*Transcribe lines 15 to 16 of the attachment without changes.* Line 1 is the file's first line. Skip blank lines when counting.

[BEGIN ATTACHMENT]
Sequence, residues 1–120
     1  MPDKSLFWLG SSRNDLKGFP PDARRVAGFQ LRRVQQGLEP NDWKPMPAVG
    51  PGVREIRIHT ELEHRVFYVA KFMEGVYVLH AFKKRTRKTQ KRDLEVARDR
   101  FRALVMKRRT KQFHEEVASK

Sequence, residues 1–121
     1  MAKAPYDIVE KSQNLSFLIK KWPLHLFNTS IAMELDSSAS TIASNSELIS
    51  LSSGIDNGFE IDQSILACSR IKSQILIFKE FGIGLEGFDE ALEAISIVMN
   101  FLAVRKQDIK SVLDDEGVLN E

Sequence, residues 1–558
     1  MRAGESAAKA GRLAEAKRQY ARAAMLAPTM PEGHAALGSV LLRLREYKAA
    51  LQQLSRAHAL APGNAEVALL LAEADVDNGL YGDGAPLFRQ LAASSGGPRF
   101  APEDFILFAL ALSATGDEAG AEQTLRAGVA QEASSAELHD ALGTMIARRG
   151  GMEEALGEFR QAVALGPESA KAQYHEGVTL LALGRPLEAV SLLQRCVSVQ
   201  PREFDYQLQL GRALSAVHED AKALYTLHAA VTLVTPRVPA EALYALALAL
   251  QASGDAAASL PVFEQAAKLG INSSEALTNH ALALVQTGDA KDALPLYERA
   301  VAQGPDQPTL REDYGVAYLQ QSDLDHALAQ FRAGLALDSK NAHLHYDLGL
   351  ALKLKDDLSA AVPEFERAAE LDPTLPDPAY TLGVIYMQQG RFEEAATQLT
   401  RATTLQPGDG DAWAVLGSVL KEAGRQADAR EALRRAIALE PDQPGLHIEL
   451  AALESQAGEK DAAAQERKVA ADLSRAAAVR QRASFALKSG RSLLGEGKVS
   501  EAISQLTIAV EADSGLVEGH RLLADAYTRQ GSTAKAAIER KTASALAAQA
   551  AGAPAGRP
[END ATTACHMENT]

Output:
   251  QASGDAAASL PVFEQAAKLG INSSEALTNH ALALVQTGDA KDALPLYERA
   301  VAQGPDQPTL REDYGVAYLQ QSDLDHALAQ FRAGLALDSK NAHLHYDLGL